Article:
I was - however - so satisfied with getting down to writing something for my blog (instead of just posting a few pics and making up a few lines) that I got carried away and continued to write and write and write.
This had two dire consequences:
1. I didn't meet the deadline of LitGO # 12 and thus was - naturally as I didn't submit - not included.
2. The post had to be broken down into several parts, with the nice consequence that I can still extend the ones not posted yet.
Okay, without further ado, here goes:
Part 1 : Where I Learned
The Fish River Canyon in the far South of Namibia is a place where magic abounds and where the wonders of the Great Outdoors are breathed in with every step you take. However, and very remarkably so, it is also a place that only few get to fully appreciate, for a reason that is highly unjust as it has nothing to do with the Canyon itself. It is too far off the other touristy highlights of the country and for those who venture into South Africa, the adjacent Namaqua Land also offers no significant attractions (unless you are a birder and terribly fond of larks), so in general there is a big rush from Namibia’s Keetmanshoop past the Canyon and all the way down to Cape Town. The Fish River Canyon is usually experienced by those travellers from the view points scattered along its eastern rim during a short detour from the highway. After about an hour or two and a few pretty pictures matching exactly those you see in travel magazines or on postcards, the area is ticked off the trip’s to-do list in a nonchalant been-there-seen-that way and left in a hurry - with Cape Town or Windhoek’s airport calling loud and clear.
This is very much how I experienced the Fish River Canyon during a short stop around high noon back in 1991, and the blinding harsh sunlight reflected off the cliffs, the heat and the general lack of life amongst the rocks made for one of the least memorable moments of my travels through southern Africa.
A few years later, in 1997, I was about to finish my studies of Zoology at the University of Greifswald and was looking for a research project for my Master’s Thesis. The only local option was salt marsh beetles - admittedly an excellent group of biota to understand the ecosystems along the Baltic coast of Germany but not really the reason I started studying Zoology in the first place - and thus I soon found myself enquiring about projects abroad. Soon, my attention was focused on Namibia but in the days of affirmative action, it was very difficult for a foreigner or a white man (let alone for a white foreigner) to get into anything even remotely similar to an official project or research position. The radio-collared Leopards of Waterberg Plateau, the prime target at the onset of my enquiries, were soon found to be definitely out of reach.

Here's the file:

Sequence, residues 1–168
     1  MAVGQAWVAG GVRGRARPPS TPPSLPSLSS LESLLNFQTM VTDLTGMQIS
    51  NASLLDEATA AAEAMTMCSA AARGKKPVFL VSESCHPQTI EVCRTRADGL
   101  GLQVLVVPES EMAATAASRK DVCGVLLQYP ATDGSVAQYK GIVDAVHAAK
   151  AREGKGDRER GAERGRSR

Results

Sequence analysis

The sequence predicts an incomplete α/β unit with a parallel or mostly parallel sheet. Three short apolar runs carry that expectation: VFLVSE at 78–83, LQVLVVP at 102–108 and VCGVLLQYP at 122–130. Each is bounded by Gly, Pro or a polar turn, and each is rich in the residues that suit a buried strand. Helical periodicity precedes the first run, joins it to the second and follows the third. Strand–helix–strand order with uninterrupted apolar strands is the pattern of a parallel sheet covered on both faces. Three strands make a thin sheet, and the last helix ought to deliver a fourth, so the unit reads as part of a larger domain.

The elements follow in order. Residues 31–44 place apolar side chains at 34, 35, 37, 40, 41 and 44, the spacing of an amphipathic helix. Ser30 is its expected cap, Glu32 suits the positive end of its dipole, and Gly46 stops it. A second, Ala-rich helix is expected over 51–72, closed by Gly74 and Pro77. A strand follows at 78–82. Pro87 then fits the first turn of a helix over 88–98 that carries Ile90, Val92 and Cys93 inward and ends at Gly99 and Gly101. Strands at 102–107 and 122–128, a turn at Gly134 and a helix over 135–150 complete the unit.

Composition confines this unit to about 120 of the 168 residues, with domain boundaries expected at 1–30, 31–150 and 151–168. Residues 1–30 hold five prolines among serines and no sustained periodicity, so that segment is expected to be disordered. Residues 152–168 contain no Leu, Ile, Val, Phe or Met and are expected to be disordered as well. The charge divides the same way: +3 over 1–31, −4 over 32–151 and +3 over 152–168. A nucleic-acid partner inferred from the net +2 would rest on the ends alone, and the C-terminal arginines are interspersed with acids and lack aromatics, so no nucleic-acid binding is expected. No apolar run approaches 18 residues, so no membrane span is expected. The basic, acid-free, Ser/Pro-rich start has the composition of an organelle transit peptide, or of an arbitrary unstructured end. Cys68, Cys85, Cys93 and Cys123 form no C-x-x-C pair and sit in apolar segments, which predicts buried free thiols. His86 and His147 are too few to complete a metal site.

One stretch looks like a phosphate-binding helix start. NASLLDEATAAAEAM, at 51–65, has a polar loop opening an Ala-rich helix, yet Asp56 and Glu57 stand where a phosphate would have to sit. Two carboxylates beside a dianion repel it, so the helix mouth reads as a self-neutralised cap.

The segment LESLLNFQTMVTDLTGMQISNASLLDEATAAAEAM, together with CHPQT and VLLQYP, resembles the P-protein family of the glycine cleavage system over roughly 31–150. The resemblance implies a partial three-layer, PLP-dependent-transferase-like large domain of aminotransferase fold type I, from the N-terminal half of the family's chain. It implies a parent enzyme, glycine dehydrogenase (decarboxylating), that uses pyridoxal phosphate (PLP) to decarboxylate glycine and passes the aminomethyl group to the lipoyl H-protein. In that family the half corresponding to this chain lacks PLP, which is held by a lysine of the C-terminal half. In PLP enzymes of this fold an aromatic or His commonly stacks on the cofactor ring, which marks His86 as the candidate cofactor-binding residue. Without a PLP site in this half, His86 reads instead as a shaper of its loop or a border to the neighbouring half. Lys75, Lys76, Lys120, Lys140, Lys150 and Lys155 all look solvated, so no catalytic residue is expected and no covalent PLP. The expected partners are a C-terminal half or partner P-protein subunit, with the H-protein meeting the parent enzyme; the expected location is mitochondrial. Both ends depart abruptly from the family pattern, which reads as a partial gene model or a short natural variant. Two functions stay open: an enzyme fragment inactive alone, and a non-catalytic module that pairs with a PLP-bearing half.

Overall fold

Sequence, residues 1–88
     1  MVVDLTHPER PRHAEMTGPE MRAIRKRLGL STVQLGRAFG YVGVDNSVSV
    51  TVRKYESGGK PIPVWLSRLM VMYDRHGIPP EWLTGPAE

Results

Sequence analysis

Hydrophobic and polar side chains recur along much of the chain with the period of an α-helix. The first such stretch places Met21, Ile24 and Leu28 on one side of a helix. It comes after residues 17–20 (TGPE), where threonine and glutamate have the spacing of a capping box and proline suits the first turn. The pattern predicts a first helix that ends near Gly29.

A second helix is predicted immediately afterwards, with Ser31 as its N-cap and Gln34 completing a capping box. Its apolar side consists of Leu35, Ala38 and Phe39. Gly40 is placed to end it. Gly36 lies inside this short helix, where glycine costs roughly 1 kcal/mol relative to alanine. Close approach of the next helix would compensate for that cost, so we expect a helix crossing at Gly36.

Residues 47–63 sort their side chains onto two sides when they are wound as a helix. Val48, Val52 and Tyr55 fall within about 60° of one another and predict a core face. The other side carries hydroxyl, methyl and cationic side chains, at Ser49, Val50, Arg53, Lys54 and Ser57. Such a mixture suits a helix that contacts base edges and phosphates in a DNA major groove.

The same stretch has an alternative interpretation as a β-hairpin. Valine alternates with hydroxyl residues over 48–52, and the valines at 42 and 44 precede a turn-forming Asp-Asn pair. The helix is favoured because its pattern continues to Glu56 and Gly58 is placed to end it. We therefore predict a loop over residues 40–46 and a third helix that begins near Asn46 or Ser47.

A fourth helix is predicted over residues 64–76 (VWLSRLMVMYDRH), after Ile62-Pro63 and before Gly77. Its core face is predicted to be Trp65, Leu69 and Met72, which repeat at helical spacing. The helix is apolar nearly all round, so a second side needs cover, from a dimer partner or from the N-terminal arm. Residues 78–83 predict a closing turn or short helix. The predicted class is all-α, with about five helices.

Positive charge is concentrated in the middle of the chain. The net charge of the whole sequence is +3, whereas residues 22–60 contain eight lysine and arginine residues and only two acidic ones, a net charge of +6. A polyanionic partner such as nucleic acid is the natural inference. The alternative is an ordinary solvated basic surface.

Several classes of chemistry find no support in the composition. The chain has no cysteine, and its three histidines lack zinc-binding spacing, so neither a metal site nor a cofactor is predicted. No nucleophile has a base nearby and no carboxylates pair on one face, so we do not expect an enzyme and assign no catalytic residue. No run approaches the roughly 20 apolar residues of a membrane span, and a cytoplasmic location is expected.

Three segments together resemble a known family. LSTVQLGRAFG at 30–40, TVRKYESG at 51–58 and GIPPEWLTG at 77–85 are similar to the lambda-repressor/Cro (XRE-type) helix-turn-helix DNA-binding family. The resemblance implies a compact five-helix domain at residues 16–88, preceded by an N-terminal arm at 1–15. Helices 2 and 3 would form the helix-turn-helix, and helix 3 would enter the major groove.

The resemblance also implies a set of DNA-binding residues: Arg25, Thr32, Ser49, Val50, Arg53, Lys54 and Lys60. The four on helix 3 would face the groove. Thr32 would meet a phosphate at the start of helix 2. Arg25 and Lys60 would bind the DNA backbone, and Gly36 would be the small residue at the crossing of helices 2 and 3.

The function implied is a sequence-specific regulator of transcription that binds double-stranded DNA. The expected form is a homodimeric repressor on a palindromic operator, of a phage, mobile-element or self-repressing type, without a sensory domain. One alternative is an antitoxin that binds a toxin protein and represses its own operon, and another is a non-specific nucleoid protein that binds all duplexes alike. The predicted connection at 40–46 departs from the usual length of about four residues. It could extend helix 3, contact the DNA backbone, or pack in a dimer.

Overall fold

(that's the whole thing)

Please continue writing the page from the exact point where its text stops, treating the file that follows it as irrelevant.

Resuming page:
Just as I started to accept having to fall in love with beetles, a surprise possibility arose: a scientist I met during my early days at the University of Freiburg was to start working as the general manager of a huge (600 square kilometres) private game farm in southern Namibia and invited me to visit him privately and conduct my studies there. No official permit needed, just a tourist visa you get at the airport in Windhoek. He also offered to be my supervisor, so the case was settled rather quickly and preparations began.
Of all the places in Namibia however, the farm was bordering on the Fish River Canyon National Park (nowadays called Ai-Ais / Richtersveld Transfrontier National Park or Peace Park), a place I thought (back then) was amongst the few ... well ... lesser attractive ones in Namibia, especially when compared to the lush and green (in parts, this is still Namibia) Caprivi Strip and Kaokovelt.
But beggars can't be choosers and as this was my only chance to avoid the salt marsh beetles, I was all game and ready to dive right into the Great Outdoors of Namibia's Fish River Canyon.